Tuesday, February 15, 2011

I'm Not a Snob...Really.

I am, however, a thoroughgoing geek in many, many ways.

I'm also one of those irritating people who latch on to a subculture and try to worm their way into it with the aid of wikipedia and You Tube videos, so I will confess on the outset that I'm an outsider here.

But I love coffee.

Okay, so what? We all love coffee. Well I love the social institution of coffee, I love what it represents and how it transcends culture. You want to talk about a global village? It is a crowd of very different people, with different values, wearing different clothing, talking about different things in different languages... all drinking coffee.

We love our coffee. In fact, most of us really don't pay a whole lot of attention to what it is we're drinking. But, as with any industry, there is a vast world which exists prior to us scooping it off the shelf or placing our order. This world, I believe, is of particular significance because it is not happening in an R&D lab or a boardroom in some sky rise. It does not exists in a factory in China or a mine in Chicago. It is on a farm in Ethiopia or Costa Rica. And farming means people.

Granted, when we talk about farming today, we're not talking about Almanzo Wilder planting corn with Pa, we're talking about state of the art hybrid-fuel combine's with GPS navigation.

However, coffee is a little different, for two reasons. First of all, coffee is one of the primary exports in many developing nations and the truth is that most coffee farmers in the world simply don't have access to this kind of technology. Human labor is much cheaper and is also abundantly available. Secondly, coffee is a finicky little fruit. Quality arabica coffee doesn't fare well in the jaws of a mechanical harvester, quality coffee is harvested by hand.

I want to talk to you about the hands picking those coffee cherries.

If you've ever spent a summer picking fruit, you know it's not a very glamorous job and it doesn't pay very well. There's also not a lot of upward mobility for farm laborers. The most they can hope for is to own their own small farm someday and even that is out of reach for most.

Quite a jump to the guy listening to his ipod, drinking a cappuccino in the cafe down the street. But, through the magic of international news and information and passionate advocacy groups, that world is getting much closer to us. Thus there's a lot of buzz these days about "fair trade" coffee.

Fair Trade is a great idea. It is important that we are aware, as we sip our steaming cup of Sumatra, that there is a coffee farmer in Indonesia who will work very hard today to earn even half of what we paid for that one cup of coffee. It's important that organizations like the International Coffee Organization work passionately to advocate for coffee farmers.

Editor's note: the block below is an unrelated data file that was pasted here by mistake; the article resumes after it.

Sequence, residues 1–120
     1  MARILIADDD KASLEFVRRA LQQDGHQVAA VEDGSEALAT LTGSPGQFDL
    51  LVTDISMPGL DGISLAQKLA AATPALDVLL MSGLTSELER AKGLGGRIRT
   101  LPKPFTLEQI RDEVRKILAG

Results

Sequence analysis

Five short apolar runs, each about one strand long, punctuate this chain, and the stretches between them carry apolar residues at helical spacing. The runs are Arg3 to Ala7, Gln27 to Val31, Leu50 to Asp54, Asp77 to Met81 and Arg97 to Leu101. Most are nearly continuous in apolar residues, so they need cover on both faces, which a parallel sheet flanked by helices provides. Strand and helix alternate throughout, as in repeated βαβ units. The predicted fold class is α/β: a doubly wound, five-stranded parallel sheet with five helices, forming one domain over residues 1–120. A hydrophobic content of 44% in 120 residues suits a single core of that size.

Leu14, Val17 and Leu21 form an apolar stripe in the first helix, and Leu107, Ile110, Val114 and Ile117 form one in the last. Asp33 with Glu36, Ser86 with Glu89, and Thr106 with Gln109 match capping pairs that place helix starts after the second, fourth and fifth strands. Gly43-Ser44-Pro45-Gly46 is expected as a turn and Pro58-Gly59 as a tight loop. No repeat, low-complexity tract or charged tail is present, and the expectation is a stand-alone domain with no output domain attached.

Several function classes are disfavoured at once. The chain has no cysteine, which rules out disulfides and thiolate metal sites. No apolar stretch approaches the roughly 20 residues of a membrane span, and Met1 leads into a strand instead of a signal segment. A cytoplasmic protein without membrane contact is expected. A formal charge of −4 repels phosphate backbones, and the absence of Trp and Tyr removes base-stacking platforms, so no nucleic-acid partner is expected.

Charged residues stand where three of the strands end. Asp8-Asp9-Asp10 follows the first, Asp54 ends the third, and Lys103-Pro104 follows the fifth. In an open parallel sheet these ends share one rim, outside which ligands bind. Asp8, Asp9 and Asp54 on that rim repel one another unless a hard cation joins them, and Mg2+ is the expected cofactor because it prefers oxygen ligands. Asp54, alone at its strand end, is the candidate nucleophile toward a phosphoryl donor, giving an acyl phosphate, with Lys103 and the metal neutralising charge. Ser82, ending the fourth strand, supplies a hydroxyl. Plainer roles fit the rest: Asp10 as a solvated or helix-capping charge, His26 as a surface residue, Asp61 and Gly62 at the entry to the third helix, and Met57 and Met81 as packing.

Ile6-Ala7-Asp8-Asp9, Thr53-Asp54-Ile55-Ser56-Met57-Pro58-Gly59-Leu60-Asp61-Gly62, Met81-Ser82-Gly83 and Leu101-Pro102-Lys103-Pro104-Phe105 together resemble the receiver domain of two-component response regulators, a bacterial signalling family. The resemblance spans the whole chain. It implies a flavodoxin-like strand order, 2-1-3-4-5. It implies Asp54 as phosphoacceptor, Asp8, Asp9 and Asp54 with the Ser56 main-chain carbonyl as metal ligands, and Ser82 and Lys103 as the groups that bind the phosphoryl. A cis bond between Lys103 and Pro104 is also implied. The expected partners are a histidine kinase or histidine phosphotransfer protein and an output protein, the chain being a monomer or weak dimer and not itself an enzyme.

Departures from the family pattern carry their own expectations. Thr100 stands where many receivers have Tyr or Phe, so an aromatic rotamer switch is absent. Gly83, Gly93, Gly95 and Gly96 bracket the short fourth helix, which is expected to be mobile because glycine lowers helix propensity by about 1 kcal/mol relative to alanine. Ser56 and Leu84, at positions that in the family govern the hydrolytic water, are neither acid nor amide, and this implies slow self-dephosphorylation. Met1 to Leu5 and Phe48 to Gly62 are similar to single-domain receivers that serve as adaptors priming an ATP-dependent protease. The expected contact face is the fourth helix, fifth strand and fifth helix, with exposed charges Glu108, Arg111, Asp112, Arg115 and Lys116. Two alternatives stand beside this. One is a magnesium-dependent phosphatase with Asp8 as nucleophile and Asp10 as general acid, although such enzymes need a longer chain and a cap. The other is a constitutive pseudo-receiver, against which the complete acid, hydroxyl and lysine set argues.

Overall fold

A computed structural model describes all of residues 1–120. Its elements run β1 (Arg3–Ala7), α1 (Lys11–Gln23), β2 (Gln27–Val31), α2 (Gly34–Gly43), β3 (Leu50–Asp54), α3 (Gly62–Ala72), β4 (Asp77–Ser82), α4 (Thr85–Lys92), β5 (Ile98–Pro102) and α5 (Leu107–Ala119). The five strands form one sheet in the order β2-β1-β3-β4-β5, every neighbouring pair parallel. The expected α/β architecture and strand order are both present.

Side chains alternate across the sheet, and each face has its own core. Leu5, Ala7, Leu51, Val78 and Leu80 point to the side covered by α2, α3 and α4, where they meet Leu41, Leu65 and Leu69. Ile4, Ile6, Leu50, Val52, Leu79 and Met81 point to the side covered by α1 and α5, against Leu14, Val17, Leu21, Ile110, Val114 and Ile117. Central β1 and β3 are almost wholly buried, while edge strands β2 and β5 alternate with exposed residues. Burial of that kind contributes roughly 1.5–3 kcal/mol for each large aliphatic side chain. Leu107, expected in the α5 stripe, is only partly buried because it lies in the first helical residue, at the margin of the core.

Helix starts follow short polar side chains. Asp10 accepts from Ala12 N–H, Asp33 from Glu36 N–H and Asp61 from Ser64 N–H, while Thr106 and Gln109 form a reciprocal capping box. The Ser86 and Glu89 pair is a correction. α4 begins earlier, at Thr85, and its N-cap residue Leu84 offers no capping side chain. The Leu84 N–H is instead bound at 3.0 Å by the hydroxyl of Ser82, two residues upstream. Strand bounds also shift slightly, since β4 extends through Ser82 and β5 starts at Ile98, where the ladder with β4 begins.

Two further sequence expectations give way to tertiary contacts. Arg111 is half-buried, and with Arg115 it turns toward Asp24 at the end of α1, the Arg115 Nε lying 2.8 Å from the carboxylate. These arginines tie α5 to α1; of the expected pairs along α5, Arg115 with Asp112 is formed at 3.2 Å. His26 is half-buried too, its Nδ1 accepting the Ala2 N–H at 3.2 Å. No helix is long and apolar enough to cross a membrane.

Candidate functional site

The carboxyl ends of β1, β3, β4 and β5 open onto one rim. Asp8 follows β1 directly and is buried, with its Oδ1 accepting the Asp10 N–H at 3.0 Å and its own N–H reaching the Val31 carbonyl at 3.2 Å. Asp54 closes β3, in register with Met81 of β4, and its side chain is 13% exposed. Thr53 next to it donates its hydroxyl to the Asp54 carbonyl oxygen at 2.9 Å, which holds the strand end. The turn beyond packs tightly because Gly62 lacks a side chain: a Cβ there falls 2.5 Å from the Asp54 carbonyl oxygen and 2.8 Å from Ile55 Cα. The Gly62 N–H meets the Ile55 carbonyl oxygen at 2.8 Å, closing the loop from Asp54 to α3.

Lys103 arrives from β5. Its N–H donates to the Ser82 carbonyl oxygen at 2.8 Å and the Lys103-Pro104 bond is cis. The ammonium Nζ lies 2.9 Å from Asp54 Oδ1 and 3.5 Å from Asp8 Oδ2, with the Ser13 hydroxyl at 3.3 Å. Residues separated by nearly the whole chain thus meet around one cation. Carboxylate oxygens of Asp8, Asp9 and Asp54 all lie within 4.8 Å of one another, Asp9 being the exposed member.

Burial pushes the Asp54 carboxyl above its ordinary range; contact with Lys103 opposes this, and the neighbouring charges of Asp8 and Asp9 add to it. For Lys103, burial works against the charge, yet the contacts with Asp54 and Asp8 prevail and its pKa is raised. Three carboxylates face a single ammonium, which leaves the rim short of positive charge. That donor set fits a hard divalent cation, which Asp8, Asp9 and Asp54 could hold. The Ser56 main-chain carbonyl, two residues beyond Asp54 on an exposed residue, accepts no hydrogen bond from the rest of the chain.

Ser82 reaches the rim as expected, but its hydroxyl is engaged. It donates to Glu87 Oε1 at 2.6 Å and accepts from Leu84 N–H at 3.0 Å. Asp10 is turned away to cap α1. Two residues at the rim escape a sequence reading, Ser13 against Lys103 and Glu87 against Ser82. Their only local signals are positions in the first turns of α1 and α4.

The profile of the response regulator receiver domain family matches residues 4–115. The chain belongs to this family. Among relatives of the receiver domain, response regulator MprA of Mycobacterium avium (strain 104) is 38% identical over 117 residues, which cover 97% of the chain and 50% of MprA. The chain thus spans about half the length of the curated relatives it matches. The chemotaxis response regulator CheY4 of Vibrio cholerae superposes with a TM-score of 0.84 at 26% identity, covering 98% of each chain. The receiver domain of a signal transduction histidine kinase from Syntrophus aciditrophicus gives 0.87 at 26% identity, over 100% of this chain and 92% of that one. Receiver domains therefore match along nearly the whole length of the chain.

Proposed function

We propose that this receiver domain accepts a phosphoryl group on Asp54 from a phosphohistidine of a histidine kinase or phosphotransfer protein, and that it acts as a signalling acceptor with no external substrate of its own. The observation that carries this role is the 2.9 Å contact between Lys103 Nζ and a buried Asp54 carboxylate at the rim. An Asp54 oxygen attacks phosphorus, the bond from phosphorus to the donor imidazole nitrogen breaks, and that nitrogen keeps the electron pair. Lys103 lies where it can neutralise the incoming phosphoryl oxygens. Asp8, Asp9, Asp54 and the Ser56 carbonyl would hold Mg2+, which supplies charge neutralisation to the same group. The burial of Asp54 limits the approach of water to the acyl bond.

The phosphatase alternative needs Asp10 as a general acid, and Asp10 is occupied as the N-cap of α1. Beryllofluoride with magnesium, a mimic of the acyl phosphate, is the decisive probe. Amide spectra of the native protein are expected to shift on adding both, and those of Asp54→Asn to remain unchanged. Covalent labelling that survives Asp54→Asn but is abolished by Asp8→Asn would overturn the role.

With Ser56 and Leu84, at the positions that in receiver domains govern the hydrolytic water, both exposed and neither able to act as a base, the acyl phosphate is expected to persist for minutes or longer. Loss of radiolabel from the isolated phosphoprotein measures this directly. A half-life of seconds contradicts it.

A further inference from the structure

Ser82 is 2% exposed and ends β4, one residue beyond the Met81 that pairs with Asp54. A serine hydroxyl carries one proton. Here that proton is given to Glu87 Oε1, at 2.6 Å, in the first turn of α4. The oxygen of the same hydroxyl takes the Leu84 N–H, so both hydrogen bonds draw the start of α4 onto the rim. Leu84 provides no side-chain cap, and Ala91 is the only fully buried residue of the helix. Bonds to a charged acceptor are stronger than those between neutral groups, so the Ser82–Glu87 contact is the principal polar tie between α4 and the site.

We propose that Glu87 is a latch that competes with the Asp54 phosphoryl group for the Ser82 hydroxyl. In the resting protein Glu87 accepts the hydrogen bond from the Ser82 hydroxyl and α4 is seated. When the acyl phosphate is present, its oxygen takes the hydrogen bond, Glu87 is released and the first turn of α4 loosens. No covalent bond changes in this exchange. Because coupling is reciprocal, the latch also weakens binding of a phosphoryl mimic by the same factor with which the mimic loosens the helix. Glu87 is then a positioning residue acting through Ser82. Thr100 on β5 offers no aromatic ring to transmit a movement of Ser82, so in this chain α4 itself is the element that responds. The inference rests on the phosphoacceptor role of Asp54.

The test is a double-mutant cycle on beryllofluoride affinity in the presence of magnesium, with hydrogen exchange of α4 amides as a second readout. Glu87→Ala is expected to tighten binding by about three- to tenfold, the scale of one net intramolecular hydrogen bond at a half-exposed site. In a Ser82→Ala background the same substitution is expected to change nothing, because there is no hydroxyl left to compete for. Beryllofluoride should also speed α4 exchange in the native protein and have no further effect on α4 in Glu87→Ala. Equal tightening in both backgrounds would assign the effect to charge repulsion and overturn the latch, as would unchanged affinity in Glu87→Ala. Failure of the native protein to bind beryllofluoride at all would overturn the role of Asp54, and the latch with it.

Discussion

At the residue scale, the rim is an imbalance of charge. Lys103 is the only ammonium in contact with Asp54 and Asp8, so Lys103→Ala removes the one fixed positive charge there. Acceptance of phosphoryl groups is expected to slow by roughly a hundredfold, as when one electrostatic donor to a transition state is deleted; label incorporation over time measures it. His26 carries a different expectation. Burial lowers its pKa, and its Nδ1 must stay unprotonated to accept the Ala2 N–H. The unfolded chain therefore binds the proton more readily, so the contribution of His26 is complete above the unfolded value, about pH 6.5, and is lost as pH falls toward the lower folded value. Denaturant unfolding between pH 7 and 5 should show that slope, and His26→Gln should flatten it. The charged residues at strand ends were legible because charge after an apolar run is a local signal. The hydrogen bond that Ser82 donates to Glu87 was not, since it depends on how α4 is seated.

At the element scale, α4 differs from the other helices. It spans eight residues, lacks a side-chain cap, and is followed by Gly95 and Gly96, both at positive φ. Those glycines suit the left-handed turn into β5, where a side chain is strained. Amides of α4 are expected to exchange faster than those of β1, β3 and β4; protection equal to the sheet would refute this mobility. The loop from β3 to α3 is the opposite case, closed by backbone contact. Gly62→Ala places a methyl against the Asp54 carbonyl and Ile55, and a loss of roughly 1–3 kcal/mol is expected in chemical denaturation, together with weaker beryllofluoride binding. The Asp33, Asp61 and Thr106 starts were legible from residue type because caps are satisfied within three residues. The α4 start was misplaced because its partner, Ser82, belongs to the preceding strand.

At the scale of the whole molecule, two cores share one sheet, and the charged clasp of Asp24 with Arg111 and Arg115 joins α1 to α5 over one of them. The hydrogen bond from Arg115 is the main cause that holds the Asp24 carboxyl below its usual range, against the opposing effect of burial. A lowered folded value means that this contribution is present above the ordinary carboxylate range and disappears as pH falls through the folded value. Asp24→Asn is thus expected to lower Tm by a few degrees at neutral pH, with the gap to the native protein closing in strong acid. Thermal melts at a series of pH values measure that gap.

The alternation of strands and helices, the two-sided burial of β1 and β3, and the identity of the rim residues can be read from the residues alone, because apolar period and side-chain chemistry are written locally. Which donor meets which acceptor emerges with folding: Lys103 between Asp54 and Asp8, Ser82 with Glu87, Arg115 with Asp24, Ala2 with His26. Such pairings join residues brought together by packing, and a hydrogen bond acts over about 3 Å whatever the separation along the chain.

Because they are people.

Marketers for coffee roasters love to write about the volcanic mountains from which their beans were "hand-picked." They love talking about Costa Rican culture, the history the coffee industry in Kenya or the Ethiopian royalty who used to drink it. You can't help but smile as they paint pictures of the sun rising over misty orchards while elephants and giraffes lumber exotically by.

The trouble is that rarely are farmers getting credit for the marketing hype printed on that bag of coffee. That $12 one-pound bag of coffee very likely sold for less than $1. Even "Fair Trade" coffee.

Now, I can't pretend to understand the coffee market or all of the elements that affect the farmer-roaster-distributor relationship, I'm just a girl who loves coffee and knows how to google. But I can tell you that these things do matter.

Because they are people

 They matter because it is not okay for me to enjoy luxury that barely sustains the life of another human. Just because we are a world away (both literally and figuratively) does not mean we are not responsible for how our consuming habits affect these farmers. Forgive me for the comparison, but just because we don't own a plantation doesn't mean we're not benefiting from glorified slave labor.

However, I would not advocate just going out and buying a bag of Fair Trade coffee and feeling better about yourself because, like I said, Fair Trade is a relative term.

I am advocating caring.

I mean caring enough to really look at where your coffee is coming from, to ask questions and do research. I am advocating supporting organizations that demonstrate a real love for the people growing coffee. Two organizations that I avidly recommend are Land of 1000 Hills Coffee and the One Cup Project. These are two small, Christian, on-the-ground organizations that I believe really put their money where their mouth is.

Land of 1000 Hills supports two farming cooperatives in Rwanda and are in the process of starting one up in Haiti (!!!). For $27 a month you can get two 12-oz bags of fresh roasted Rwandan coffees of your choice in your mailbox (I recommend the Rwandan Medium Roast).

The One Cup Project is an affiliate of Silver Cup Coffee. For every $11 12-oz bag of coffee you buy, One Cup donates $2 to World Vision and, through fund-matching grands from USAID, Care and Land O'Lakes, $11 is generated to fund several projects in Zambia.

These are just two of many options for you. From small socially-conscious coffee shops to specialty blends from major coffee roasters, there are many people out there dedicated to truly giving a fair trade to the people growing the coffee that we enjoy. I urge you to look into what is available to you. Ask the owner of your coffee shop where their coffee comes from, call the roaster but, most of all, follow the money!

If you happen to be in the area, stop by and I'll make you a cup of the yummiest, socially-conscious, Rwandan french-press you've ever had.

--Sarah Elizabeth

1 comment:

  1. Here's a couple reviews of Land of 1000 Hills Coffee @ Daily Shot of Coffee